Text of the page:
(b) manually operable control devices that will safely disconnect all ungrounded conductors of the circuit at
the point of supply simultaneously, except for multi-wire branch circuits that supply only fixed lighting
loads or non-split receptacles, and that have each lighting load or receptacle connected to the neutral and
one ungrounded conductor
 

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I agree with you vintage. In 3 phase it is also done all the time. Only time you need a tie bar is if the two (or three) circuits are for the same device. Here's an explanation from the Simplified book on 14-010
Sorry, bad pic but it says we have 3 choices. 2 pole breaker or 2 single pole with a tie bar or 2 single pole without tie bar. There's another diagram on the next page for a 3 phase panel, same deal. We do not need tie bars


 

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eddy current said:
I agree with you vintage. In 3 phase it is also done all the time. Only time you need a tie bar is if the two (or three) circuits are for the same device. Here's an explanation from the Simplified book on 14-010 Sorry, bad pic but it says we have 3 choices. 2 pole breaker or 2 single pole with a tie bar or 2 single pole without tie bar. There's another diagram on the next page for a 3 phase panel, same deal. We do not need tie bars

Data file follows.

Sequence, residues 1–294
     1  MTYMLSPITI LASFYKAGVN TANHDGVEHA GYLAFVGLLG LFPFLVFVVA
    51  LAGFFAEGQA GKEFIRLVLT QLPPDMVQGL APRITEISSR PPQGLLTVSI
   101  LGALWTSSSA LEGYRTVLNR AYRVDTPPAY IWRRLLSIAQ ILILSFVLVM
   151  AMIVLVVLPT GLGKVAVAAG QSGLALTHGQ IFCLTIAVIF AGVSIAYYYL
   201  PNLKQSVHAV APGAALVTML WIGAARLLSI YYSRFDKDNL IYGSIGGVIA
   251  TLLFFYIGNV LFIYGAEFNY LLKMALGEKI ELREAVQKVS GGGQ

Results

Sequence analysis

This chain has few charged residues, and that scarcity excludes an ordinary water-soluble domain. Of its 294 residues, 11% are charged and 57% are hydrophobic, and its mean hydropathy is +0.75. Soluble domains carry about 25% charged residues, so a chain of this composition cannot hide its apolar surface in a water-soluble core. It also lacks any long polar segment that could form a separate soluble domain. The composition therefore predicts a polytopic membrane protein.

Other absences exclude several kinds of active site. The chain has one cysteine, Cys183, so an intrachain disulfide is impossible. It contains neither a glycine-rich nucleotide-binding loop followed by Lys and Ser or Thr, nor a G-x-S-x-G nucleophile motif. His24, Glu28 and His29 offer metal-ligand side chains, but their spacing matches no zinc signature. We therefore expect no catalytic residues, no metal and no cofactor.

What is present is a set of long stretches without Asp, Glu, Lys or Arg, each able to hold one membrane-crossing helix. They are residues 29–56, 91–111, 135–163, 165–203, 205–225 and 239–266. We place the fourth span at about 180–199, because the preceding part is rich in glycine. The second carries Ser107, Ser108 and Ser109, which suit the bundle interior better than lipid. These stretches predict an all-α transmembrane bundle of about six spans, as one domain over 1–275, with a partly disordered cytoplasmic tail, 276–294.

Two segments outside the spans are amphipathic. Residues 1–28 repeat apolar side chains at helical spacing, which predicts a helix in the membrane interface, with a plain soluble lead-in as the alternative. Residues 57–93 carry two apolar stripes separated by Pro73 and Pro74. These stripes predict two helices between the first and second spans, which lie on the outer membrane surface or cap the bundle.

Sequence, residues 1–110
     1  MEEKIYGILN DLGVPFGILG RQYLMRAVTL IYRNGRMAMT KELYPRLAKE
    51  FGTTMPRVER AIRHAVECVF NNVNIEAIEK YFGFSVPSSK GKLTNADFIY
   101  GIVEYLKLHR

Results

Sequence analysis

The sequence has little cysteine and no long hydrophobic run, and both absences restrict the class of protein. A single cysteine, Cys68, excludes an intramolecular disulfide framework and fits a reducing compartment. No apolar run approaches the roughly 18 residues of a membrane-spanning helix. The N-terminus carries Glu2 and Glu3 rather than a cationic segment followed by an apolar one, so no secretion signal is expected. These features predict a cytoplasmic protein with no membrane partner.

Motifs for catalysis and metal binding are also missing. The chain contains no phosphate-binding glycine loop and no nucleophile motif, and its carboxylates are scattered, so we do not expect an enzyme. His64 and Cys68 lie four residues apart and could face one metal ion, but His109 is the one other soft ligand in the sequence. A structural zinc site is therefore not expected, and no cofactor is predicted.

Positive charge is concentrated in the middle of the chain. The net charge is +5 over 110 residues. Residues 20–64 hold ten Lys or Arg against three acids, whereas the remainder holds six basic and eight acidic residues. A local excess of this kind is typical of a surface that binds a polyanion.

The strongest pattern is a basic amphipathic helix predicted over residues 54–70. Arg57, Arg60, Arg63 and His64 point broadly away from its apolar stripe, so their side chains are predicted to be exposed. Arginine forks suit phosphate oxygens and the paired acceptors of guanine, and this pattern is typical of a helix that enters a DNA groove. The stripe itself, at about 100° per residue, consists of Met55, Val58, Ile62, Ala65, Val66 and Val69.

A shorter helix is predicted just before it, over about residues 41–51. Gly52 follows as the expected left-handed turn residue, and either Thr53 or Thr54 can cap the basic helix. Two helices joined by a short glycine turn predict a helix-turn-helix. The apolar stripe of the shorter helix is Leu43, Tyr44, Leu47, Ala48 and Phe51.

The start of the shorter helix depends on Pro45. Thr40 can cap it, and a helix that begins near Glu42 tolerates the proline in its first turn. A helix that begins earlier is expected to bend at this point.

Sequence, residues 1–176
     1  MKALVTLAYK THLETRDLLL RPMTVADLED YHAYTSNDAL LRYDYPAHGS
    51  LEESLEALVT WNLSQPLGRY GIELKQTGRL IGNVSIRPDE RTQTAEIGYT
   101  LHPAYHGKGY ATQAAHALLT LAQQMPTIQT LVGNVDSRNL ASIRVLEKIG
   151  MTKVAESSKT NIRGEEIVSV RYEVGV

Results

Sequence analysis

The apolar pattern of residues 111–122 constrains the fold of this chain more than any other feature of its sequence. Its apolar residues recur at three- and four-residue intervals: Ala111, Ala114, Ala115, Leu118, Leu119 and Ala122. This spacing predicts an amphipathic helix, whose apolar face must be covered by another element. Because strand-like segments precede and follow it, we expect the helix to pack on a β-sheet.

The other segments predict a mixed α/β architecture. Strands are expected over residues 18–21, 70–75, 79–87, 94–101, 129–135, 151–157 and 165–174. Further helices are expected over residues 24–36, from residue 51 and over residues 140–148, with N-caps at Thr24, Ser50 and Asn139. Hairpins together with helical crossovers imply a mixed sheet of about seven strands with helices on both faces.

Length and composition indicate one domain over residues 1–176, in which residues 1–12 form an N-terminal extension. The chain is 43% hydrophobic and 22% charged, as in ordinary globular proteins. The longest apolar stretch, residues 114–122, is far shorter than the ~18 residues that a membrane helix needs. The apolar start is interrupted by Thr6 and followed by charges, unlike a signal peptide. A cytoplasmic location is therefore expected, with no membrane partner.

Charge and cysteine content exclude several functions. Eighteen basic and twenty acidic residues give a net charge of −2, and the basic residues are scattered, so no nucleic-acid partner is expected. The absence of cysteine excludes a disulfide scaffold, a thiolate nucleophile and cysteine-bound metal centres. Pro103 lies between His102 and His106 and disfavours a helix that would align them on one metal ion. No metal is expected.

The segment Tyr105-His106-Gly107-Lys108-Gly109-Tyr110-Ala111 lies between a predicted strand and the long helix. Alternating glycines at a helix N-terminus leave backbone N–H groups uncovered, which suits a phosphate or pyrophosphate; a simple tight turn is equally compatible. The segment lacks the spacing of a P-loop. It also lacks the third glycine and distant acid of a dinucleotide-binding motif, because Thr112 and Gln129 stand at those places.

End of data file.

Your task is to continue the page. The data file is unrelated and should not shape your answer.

Sorry , rule I found was 14-302, if I understand it correctly says you can use single poles BUT , you need to tie them together.
Which I think IMO is to provide separate over current production even though they are tied together, where as a double pole is common trip.
And would kill both circuits.
Could be wrong , wouldn't be the first time:)
 

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Good discussion guys. Thanks for all the replys. I am aware that its called a MWBC, my future posts will be written with technical jargon.

I guess what I was trying to get at is that he put 10 pot lights on one circuit and then split the other 9 on two. This could have been achieved by running 14/2 and splicing the hot to each light switch at the device box.
The cir from the panel is a mwbc
 

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So am I wrong then?
Not sure what you mean :)
I mean just exactly what I said. Interpreting the code can be a pita but the code rule you quoted sent you to another code rule. Never to return to the rule you just left. In fact you never even got to finish reading=g that code rule.

Like a computer program. Do this, Do this, If this, then do that.